A 3D data visualization for the topic of food

tableware 3d printed generative infographic food

Nowadays information is accessible very easily. Still, due to the amount of data available and its complexity, it is often difficult to really understand. So the importance of tools that help us to comprehend important correlations more easily increases. infObjects is such a tool. It translates abstract scientific information about food into tangible shapes that can be 3d printed out as objects.


Evaluating information within the production of an edible was a fundamental part of the project. Analogue information visualizations helped to understand correlations between the different parameters. The CO² equivalent, the energy content and price of dishes proved to be the most significant factors as they vary a lot from edible to edible and furthermore give information about the content when directly compared.


Parametrically scientific data is transformed into metaphorical shapes: the CO² is illustrated by (ozone-)holes, the energy by the growth of roots and the price by higher or lower levels within the object.

InfObjects is a series that consists of three objects – a cup, a bowl and a plate that accordingly to information are various in shape. Following the same rules the objects still turn out clearly different. Each object represents a certain dish: a potato pie for example would be illustrated as a plate. A segmentation within the object shows the single ingredients.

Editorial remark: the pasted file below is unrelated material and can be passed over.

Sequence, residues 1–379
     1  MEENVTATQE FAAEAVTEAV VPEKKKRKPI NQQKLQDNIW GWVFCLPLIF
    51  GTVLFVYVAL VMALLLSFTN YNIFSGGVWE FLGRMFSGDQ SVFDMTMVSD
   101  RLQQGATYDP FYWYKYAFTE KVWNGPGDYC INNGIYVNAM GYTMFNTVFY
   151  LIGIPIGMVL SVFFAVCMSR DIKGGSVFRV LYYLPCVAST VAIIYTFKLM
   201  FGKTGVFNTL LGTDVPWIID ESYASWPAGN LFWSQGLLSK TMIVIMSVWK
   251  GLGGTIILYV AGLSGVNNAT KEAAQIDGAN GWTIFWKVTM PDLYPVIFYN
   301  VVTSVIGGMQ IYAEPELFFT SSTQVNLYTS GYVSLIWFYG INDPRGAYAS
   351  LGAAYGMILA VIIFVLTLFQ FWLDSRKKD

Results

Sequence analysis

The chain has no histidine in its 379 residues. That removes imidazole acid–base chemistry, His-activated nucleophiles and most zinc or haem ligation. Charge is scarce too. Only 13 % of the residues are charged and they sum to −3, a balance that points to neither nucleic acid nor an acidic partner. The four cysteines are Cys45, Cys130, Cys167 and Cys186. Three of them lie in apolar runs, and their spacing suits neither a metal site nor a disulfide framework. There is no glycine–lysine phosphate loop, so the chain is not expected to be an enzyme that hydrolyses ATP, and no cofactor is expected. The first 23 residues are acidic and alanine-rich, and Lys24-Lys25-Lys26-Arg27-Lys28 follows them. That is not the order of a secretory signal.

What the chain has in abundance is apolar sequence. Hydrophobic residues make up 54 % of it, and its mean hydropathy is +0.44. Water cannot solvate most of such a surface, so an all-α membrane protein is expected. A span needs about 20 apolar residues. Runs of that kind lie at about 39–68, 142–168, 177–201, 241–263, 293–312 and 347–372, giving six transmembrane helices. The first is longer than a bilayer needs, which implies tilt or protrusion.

InfObject_ mug-on-black_SiP

Mittels einer digitalen Applikation werden die analysierten Parameter direkt in 3D-Daten übersetzt, die die Form des Produkts bestimmen. Zur Materialisierung der Objekte wurde die 3D-Drucktechnologie eingesetzt.


The products are not intended to be objects of utility. On the contrary: The information does not only have direct impact on the shape but it also influences the functionality. So that for example a lot of CO² produced is illustrated by many holes that will lead the product even further away from usability. This `unfunctionality´ is revealed at first glance and it is exactly this moment of surprise that emphasizes the project´s true intention: raising awareness for the topic of how food is produced and consumed.

The project was part of the show 'FOOD - Bigger than the plate' at Victoria & Albert museum in London from May until October 2019.

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